The Environmental Regulations branch of the Project focuses on the regulations contained in 40CFR. These regulations cover topics ranging from hazardous waste to drinking water.

Any opinions, findings, and conclusions or recommendations expressed in this material are those of the author(s) and do not necessarily reflect the views of the National Science Foundation.


The REGNET research project aims to develop a formal, but practical infrastructure to enhance access and retrieval of government regulations as well as provide support for the users, framers and critics of the regulations. It is well recognized that the complexity, diversity, and volume of Federal and State regulations are detrimental to business and also hinder public understanding of government. We believe that the means to improve the situation is to understand the regulatory issues, and then develop appropriate IT tools that can support the interaction and collaboration among the various parties involved.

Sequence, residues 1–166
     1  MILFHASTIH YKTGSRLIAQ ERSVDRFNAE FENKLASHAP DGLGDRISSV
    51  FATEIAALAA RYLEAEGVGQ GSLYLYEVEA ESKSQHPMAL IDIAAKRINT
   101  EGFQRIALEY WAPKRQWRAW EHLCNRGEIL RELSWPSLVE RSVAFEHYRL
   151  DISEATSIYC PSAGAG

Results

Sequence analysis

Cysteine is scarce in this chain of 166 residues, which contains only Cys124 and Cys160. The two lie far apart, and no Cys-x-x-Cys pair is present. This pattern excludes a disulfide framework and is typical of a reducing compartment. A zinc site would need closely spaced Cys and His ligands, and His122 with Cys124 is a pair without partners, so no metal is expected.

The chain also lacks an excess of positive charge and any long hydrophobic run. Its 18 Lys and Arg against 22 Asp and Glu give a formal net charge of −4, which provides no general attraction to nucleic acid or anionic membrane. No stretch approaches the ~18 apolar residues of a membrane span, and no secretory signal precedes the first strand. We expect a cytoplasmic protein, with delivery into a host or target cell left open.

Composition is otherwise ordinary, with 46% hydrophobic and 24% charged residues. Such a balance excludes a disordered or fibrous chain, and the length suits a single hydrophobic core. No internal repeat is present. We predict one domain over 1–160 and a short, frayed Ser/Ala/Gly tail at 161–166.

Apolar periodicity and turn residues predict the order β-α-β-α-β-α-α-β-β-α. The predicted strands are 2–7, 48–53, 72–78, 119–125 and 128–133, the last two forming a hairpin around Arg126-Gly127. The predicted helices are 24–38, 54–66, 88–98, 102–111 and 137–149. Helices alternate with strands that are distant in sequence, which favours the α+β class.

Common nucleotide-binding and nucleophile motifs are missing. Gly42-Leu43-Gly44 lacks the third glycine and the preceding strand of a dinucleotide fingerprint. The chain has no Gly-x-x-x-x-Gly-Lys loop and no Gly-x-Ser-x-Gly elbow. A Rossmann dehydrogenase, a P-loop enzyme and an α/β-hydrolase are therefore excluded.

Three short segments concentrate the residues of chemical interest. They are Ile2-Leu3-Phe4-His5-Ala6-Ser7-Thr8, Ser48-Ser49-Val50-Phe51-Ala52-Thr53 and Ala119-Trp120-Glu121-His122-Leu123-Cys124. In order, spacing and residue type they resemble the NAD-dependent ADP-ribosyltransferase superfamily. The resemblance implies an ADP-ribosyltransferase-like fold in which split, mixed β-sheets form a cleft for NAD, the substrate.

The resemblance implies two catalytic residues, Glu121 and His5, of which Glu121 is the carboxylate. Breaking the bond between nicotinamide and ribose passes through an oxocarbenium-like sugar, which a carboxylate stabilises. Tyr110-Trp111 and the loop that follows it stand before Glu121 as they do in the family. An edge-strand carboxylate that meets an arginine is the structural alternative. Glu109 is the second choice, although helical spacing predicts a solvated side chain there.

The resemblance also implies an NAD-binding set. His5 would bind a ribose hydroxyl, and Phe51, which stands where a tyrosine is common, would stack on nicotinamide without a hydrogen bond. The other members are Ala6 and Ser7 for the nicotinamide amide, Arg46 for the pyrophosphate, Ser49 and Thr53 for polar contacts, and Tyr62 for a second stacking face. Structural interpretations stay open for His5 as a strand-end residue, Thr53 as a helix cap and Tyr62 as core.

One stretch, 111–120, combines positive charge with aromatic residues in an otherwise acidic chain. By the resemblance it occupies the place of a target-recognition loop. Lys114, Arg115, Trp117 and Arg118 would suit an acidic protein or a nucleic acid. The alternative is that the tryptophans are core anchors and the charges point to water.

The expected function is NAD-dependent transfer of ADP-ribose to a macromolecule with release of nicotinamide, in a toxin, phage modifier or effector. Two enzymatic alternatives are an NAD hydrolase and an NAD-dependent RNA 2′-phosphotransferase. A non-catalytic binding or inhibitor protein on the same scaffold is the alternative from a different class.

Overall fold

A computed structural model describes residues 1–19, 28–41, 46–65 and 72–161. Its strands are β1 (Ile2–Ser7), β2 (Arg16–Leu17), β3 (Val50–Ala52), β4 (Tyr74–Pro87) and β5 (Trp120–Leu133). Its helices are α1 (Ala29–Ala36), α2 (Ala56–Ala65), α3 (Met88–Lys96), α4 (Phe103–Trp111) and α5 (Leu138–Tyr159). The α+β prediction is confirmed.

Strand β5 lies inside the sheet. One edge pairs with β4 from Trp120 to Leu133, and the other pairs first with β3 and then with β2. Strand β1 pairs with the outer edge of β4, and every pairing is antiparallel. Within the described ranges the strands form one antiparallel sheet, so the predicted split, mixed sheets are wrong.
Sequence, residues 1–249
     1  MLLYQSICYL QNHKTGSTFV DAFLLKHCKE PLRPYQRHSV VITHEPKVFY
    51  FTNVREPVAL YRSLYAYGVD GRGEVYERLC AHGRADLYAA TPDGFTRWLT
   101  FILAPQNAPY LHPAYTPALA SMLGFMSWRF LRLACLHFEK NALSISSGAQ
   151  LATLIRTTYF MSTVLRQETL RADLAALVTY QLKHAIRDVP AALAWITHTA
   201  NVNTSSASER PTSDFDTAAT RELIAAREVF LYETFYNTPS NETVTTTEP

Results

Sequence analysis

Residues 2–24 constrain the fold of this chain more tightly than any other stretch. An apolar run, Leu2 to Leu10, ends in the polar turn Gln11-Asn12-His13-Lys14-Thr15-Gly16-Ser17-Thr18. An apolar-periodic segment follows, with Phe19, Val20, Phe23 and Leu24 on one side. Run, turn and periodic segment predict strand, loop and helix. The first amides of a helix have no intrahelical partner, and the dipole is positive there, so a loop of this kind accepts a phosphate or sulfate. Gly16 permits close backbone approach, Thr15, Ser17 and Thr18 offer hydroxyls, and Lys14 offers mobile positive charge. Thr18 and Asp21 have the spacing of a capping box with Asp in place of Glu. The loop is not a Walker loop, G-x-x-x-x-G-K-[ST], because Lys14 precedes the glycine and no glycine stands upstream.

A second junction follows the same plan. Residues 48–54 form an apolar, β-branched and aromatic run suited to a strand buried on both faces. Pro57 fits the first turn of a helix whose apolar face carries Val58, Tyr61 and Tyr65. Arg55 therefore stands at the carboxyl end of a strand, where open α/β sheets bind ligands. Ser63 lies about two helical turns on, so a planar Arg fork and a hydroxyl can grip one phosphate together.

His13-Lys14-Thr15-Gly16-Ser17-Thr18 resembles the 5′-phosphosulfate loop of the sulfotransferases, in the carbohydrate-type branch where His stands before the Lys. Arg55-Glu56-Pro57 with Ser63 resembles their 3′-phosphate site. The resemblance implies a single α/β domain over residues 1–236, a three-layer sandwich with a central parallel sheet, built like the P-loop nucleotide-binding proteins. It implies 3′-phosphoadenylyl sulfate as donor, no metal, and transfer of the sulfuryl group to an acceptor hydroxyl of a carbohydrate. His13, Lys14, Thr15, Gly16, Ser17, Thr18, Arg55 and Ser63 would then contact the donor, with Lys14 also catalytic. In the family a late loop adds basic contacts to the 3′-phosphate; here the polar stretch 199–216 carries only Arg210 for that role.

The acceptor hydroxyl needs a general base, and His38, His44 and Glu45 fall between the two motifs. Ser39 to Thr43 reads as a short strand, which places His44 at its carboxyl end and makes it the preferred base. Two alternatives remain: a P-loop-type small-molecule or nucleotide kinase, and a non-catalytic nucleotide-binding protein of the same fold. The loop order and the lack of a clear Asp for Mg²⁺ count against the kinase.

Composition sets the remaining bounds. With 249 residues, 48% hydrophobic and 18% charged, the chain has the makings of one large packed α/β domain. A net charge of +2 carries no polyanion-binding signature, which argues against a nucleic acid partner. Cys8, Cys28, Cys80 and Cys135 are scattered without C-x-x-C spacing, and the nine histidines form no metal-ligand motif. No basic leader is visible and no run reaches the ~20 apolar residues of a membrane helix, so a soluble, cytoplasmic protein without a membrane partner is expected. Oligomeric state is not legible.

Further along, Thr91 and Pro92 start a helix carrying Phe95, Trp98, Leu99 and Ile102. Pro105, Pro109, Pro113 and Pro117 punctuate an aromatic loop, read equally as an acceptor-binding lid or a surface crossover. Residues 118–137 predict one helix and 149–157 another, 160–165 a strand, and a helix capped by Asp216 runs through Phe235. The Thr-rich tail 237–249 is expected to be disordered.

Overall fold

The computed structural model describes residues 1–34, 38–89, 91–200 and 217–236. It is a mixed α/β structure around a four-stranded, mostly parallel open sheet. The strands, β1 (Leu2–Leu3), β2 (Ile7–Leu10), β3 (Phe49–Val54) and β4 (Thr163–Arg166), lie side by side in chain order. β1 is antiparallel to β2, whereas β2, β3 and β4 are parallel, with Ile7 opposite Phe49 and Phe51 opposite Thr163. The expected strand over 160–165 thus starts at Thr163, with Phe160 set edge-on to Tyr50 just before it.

In the distributed information service framework proposed for REGNET, governmental regulatory information will be made available on-line for use by the users and regulatory policy bodies. Multiple formats, that build on each other, will be developed. The infrastructure includes textual repositories as a base and, more importantly, tools to locate, merge, compare, and analyze the information. The successive levels of the REGNET application infrastructure will develop and exploit more refined representations in an intelligent way. The objective is to progressively improve the communication and computational resources that will allow compliance checking of regulations. Five phases are planned, allowing gradual development and insertion of more advanced information science and effective computing technologies, while encouraging early utilization and feedback: (1) textual parsing and storage, (2) semi-structured, indexed storage, (3) means to resolve semantic ambiguities, (4) cross-referencing appropriate for automated retrieval of relevant documents, and (5) on-line compliance checking of governmental regulations. New network access, search and analysis techniques will be developed to help disseminate regulatory data and allow finding and comparing multiple sources of related information, including legal cases and interpretative documents. We hope that results from early phases will be used by other researchers as well, since this field has such a broad potential applicability.